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Re:InSitu: Artists and their Insights into "Here" and "There" and the Idea of Home


Saint John Arts Centre, New Brunswick, November 5, 2010 – January 8, 2011

 

See the New Brunswick Telegraph Journal’s review article of November 20th 2010, entitled “Two Points, One Home” HERE

 

November 14th 2010

 

Kevin Burns

 

In her exhibition catalogue, Dr. Mary Keczan-Ebos says that the intent of Re:InSitu is to provide Canadian visual artists with a Hungarian-Canadian connection an opportunity to go “on a journey ‘home’ as well as a journey abroad.” In some cases, that home, says the curator, takes the form of the physical landscape or an actual place in Hungary. In other cases, “home” is more of a metaphoric space that the participating artists – members of the Canadian Hungarian Artists Collective – have created in their work or carry within themselves in their thoughts and feelings. “Those of us who are the descendants of the Hungarians who immigrated to Canada, our family’s histories as well as our ephemeral memories of our homeland are connected to the place we are – “in situ,” explains Keczan-Ebos.

 

Now, after being seen in museums in Hungary during the summer of 2009, (see on this page of our website) the exhibition is on view once more in Canada, this time at the Saint John Arts Centre in New Brunswick.

 

 

Andrea Blanar at the opening

 

Andrea Blanar speaks at the opening reception

 

 

What follows are key words and phrases used by the exhibition’s artists and curators when they talk about their explorations of “here”, “there” and “home”:

 

Anna Biró (Montreal, QC): “....the fabric of our society ... our interconnectedness as social
beings, and a personal desire for communication and collaboration.”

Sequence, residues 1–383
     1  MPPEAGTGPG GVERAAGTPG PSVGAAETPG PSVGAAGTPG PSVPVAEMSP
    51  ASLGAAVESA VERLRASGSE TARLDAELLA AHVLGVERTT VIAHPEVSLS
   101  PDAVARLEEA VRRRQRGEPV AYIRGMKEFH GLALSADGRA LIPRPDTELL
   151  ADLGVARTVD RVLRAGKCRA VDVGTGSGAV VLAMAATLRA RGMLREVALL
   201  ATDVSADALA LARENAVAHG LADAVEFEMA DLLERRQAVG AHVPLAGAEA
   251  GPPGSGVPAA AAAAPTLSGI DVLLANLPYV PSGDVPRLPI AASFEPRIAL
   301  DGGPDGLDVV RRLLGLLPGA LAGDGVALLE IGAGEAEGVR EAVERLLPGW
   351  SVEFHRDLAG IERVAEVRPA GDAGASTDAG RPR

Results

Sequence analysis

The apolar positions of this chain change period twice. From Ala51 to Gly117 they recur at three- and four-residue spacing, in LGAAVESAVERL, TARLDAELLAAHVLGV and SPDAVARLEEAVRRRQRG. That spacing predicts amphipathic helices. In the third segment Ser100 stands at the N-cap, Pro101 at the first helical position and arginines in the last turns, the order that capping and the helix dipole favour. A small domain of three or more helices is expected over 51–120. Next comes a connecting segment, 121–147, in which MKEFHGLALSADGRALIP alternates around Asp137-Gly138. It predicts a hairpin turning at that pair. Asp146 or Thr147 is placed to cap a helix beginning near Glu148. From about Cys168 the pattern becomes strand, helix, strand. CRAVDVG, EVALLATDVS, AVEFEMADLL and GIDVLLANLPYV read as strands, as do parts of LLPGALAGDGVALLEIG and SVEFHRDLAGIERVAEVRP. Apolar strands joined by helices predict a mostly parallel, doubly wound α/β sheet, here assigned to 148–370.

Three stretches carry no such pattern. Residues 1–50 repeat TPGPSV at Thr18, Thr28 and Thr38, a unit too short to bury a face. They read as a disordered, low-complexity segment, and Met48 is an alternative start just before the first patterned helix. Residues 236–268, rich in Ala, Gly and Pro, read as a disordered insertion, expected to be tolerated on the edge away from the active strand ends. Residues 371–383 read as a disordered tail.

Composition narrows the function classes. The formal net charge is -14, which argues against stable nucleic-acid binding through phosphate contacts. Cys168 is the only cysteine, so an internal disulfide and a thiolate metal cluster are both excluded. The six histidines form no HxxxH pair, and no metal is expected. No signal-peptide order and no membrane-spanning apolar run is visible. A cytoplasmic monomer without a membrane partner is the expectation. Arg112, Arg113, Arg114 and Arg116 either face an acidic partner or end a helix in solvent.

Susan Bárdos-Dobbek (MontrealQC): “...very important for me to connect to my roots, as my
mother, the only person who can recount tales of Hungary, is ageing.”

 

Andrea Blanar (Montreal, QC): “...these marshes have become for me the focal point in which all of life’s experiences are reinterpreted.”

 

 

Photo of Insitu workshop

 

Mary Blatherwick, Chair, Board of Directors, Saint John Arts Centre; Heather White Brittain, Director, Saint John Arts Centre; Anna Torma, fabric artist; Andrea Blanar, exhibition organizer and artist

 

Alex Brzezinski (Montreal, QC): “.... a mysterious entry into another realm that unsettles–that poses questions that remain unanswered.” (Curator’s words)

 

Andrea de Gosztonyi (Montreal, QC): “I see nature as a catalyst that stimulates an understanding of our humanity.”

 

Sophie Fekete-Fehér (Montreal,QC): “I ask myself: is our experience of reality so linked to
representation that we can never get out of our own culture?”

 

Éva Ferenczy Reichman (Terrasse-Vaudreuil, QC): “ Some venture out far beyond their
home where safe walls protect them, while others choose to stay inside and observe with longing, too apprehensive to go out into the unknown: a magical journey.”

 

Géza Hermann (Montreal, QC): “....create a certain spatial relationship within a context related to land, home, roots, and earth.” (Curator’s words)

 

Mária Jankovics (Montreal, QC): “a statement against all wars that are still raging. It is a call for peace in the world.”

 

István Kántor (Toronto, ON): “....a comment on the power and authority of today’s broadcast technology and ......long-term initiative to redefine the body as a transmission device.” (Curator’s words)

 

Mary Keczan-Ebos (Burlington, ON): “I feel compelled to understand the origins of peoples with no written history.”

 

Ági Kéri-Szeben (Montreal, QC): “I continued to return to these memories ... of sky and grass in Hungary now blend with the Tantramar Marshes near the Bay of Fundy and their equally compelling ever changing vistas.”

 

Judith Klugerman (Montreal, QC) “....calligraphic texts of Hungarian poems that she learned as a child. “(Curator’s words)